John Wayne BIFF! has made a new movie POW! called “The Green Berets” AAP! It’s currently appearing at the Adams Theatre, and I want all you weak-kneed, yellow-bellied draft dodgers out there to double time down to see it.
The picture should be seen by everybody in town because it’s not everyday that one gets a chance to see the worst war movie ever made. In fact, “The Green Berets” is so bad that it has virtually unhinged the minds of several film critics. Renata Adler, writing in the ultra-straight New York Times, said:
“The film is so unspeakable, so stupid, so rotten and false in every detail that it passes through being fun, through being funny, through being camp, through everything and becomes an invitation to grieve….It is vile and insane. On top of that, it is dull.”
Needless to say, Miss Adler did not care for the picture. About all I can add to her passionate outburst is an explanation of what brought it about.
For one thing, the picture is much, much too long. Two hours and twenty minutes of John Wayne is almost beyond human endurance. And to make matters worse, the first hour is completely devoid of action, and is about as interesting as an educational film on traffic safety.
But even when the Green Berets finally get down to the nitty-gritty of combat, the movie remains relatively unexciting.
The plot (if that’s what it can be called) doesn’t even have the basic dramatic tension of a good cowboy picture.
For example, when the Viet Cong attack an outpost, John Wayne, dressed in civilian clothes, is enjoying himself in a private nightclub in town. I thought at this point that the picture would finally get going. I was all set for big Duke to climb into his uniform, grab a helicopter, and rush out into the night to rescue his men. John Wayne to the rescue—what else?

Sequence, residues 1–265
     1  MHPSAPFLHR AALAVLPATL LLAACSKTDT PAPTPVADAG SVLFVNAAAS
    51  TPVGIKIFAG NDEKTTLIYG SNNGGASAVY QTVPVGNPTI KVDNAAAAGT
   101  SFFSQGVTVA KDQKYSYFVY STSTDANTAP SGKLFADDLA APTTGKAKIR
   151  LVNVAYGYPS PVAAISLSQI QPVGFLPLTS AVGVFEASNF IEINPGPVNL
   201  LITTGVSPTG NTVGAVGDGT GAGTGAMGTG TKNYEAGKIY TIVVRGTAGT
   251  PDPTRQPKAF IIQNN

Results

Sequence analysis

Well, he does fly back to his men, but only to have his helicopter shot out from under him. He continues to stumble around ineffectually until he and the rest of the Green Berets lose the battle and are driven off into the jungle. What a letdown! Imagine, John Wayne being defeated by the Viet Cong.
What happens next will probably go down as the greatest anticlimax in film history. After being beaten by the VC, our hero calls down a mini-airstrike on the now occupied camp. A converted DC-3, with automatic machine guns, swoops down to tree top level and promptly wipes out every dirty commie in sight.
The next morning, the Green Berets quietly return to the camp and cut down the Viet Cong flag. As I remember, heroism used to be made of sterner stuff.
At this point, David Janssen, who plays a soft-headed liberal reporter, finally sees the light. He says good-bye to Wayne and promises to write the “truth” about the war—that is, if his liberal editor doesn’t fire him. (And now we know how liberal editors keep honest reporters from telling the truth).
Thus the picture ends—right? Wrong. It still has another forty minutes to go. However, since director-actor Wayne has obviously used up his screenplay, the only thing he can do is to start all over again, and that’s just about what he does.
The last segment of the picture, however, is so ludicrous that it isn’t worth describing. It is nothing more than a tacked-on remake of a World War II B movie (a General must be captured alive behind enemy lines etc., etc.) The only problem is that the old script was not updated and the entire episode seems to take place in Germany.
Many film critics, like Miss Adler, have expressed moral outrage at what the picture attempts to say, but I can’t get too excited about its childish propaganda message. In fact; “the Green Berets” is such an obnoxious movie that it probably will help the anti-war movement.
Once the situation-comedy humor, the mindless plot, the gross sentimentality, and the atrocious acting have been dismissed, the only thing left to get really upset about is the use the picture makes of porno-sadism.
The technicolor camera often lingers obscenely as men are shot, blown to pieces, stabbed, burned to death and impaled on wooden stakes. Some of the devices used to bring people to bloody, agonizing ends would have been considered crude even back in the Middle Ages. However, since the blood and guts scenes clearly delighted the audience, apparently they served their purpose.
The picture, of course, lies about the war in every way imaginable, but this doesn’t come as any great surprise. The only surprise is that it lies so poorly.